Errors in current forklift training standards
It can be seen from the previous page how the rule about applying the parking brake came about. When the Industry Training Boards ceased to be statutory bodies, in the late nineteen seventies an RTITB management buyout resulted in a commercial organisation being set up and at that time they were the only people who had an approval system and there did not seem to be a need for another one.
A few commercial training companies decided that they were not prepared to continue asking a fellow commercial competitor for approval to run their businesses so they set up their own Association of Industrial Truck Trainers, (AITT), and created an entirely independent approval system which was called ITSSAR. This approval body continued to use the same system as the RTITB with no real change. I was privileged to be elected President of the AITT. (Webmaster's note: I was elected to serve on the same committee as Dai).
Later the RTITB ran into serious financial difficulties. The overheads of their operation, in particular MOTEC could not be sustained so today’s RTITB is the third version and they are now a private limited company based in Halesfield in Telford, Shropshire where they have a well equipped training centre. They have continued to maintain the original approval system but in all fairness they have always sought to maintain high standards.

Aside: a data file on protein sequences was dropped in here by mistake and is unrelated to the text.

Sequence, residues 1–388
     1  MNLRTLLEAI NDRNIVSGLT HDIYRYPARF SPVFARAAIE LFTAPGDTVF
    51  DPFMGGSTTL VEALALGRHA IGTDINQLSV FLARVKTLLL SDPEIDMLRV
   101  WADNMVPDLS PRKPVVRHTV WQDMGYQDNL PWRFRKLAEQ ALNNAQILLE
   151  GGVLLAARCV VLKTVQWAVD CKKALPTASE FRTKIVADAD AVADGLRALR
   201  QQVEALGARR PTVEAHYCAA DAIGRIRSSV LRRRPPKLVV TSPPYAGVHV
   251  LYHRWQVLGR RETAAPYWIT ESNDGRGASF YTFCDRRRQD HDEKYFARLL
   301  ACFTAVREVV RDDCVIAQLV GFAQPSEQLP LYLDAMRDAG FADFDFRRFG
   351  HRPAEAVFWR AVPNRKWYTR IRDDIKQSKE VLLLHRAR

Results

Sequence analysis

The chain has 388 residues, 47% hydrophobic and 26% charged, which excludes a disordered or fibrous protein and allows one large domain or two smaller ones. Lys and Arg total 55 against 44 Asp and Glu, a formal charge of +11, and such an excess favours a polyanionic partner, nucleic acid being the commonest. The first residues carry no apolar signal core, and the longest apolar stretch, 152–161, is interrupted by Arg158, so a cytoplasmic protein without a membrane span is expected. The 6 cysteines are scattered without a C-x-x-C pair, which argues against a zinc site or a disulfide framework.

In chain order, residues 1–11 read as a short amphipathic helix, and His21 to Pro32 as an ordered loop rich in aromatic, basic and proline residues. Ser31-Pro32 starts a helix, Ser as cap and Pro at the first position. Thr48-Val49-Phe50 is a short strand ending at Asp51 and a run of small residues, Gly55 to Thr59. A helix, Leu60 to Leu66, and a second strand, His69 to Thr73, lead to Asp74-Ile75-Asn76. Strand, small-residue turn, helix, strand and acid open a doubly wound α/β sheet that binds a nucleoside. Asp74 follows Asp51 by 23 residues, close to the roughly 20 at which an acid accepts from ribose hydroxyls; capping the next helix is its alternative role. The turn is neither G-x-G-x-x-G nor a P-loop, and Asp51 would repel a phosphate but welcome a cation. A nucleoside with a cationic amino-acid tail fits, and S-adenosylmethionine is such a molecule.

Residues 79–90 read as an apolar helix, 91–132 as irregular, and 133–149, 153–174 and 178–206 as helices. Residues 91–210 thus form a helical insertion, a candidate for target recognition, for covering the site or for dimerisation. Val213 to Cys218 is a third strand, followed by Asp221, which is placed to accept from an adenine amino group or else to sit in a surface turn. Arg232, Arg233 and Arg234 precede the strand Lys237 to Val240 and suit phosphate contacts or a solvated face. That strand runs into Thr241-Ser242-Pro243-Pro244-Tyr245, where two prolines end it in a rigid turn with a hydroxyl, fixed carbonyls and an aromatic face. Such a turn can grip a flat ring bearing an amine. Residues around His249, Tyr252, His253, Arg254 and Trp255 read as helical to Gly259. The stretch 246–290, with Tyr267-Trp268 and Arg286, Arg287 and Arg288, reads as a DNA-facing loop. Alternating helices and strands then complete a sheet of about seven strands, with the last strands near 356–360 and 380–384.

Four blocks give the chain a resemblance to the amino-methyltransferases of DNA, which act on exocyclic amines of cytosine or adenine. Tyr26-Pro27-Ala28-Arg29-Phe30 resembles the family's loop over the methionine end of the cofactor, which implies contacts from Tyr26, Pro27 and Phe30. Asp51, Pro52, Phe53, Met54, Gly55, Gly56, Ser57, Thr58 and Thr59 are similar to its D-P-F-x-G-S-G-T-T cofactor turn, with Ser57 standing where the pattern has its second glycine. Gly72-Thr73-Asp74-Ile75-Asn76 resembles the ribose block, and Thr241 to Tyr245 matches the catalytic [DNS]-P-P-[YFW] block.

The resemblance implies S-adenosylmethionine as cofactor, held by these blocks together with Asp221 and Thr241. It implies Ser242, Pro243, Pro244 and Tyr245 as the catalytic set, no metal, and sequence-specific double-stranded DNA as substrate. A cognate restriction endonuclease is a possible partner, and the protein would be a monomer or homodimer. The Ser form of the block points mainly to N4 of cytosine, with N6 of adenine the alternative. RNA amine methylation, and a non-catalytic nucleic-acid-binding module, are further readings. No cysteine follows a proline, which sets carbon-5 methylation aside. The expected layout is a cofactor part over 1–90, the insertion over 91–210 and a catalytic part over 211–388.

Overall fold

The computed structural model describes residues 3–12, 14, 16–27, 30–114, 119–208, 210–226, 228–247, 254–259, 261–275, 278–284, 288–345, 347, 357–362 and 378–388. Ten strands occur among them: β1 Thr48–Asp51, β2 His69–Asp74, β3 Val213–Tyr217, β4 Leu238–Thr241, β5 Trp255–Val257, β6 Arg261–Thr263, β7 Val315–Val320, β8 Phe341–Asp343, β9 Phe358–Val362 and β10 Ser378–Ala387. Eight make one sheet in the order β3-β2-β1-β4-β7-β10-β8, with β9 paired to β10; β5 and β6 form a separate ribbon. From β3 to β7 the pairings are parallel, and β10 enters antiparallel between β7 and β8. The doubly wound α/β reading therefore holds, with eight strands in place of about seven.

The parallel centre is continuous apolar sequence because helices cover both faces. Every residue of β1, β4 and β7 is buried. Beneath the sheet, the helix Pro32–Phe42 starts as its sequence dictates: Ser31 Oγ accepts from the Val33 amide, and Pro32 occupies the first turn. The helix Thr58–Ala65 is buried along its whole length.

AITT did not intend to become an approval centre. I believe that this was a result of a fall out with ITSSAR sometime after I left the industry. I am saddened that it happened as it seems to be a retrograde step, but I am not aware of the circumstances.
So today we have three Approval Bodies still using the same basic training system which has only undergone minor changes and we still have incomplete standards. We also have independent bodies monitoring the Approval Bodies. Where will it end? So many people involved and yet this gap in training standards bridging the gap between a Novice and a Competent Operator has not been picked up in over forty years!. The cost has to be a real burden which inevitably gets passed onto the customer.
So now we have this problem. Because the manufacturer demonstrates a different and faster system of stacking and de-stacking, the majority of operators seek to adopt that system and do so without any instruction. As no one tells their employer different, the bosses believe they have provided adequate training when in fact a critical skill has not been taught.
If an experienced operator follows the manufacturer’s method of operation and uses the hydraulic controls whilst traveling to approach a load, rack or stack they will be considered incompetent and be penalised on a refresher test, on an Instructor course, or during a fork truck operator competition.
That is disgraceful. No one involved in publishing standards intended this to happen, but no one has done anything about it. The. So they did a good job but literally forgot a very critical skill. Lots of effort is put into teaching longitudinal stability in order to understand a truck’s capacity plate but very little into understanding critical factors involving lateral stability. The HSE will tell you that toppling trucks are a real problem because they invariably result in high damage costs and serious injuries.